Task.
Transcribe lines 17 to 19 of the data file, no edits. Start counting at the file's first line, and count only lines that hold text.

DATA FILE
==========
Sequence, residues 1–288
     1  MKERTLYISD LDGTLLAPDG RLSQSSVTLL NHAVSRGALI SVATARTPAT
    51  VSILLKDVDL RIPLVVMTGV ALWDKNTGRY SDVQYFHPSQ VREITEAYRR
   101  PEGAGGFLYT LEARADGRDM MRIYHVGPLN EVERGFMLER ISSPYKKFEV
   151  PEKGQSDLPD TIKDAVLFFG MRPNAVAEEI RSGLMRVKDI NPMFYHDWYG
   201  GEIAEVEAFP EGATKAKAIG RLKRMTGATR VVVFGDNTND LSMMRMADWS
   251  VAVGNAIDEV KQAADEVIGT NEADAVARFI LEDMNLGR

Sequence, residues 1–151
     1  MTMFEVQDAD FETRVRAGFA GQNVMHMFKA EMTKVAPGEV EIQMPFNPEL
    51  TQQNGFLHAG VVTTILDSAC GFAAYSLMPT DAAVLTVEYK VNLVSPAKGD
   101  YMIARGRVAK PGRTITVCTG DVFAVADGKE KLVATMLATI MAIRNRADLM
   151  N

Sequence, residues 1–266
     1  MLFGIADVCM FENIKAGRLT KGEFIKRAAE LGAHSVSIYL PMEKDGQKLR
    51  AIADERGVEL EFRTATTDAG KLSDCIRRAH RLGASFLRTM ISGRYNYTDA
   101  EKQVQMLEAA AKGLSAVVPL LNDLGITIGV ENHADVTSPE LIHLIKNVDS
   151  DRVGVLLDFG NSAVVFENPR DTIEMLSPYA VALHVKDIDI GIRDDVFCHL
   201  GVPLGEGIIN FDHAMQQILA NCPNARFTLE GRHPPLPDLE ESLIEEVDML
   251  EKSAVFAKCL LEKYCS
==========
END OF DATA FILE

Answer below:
   151  DRVGVLLDFG NSAVVFENPR DTIEMLSPYA VALHVKDIDI GIRDDVFCHL
   201  GVPLGEGIIN FDHAMQQILA NCPNARFTLE GRHPPLPDLE ESLIEEVDML
   251  EKSAVFAKCL LEKYCS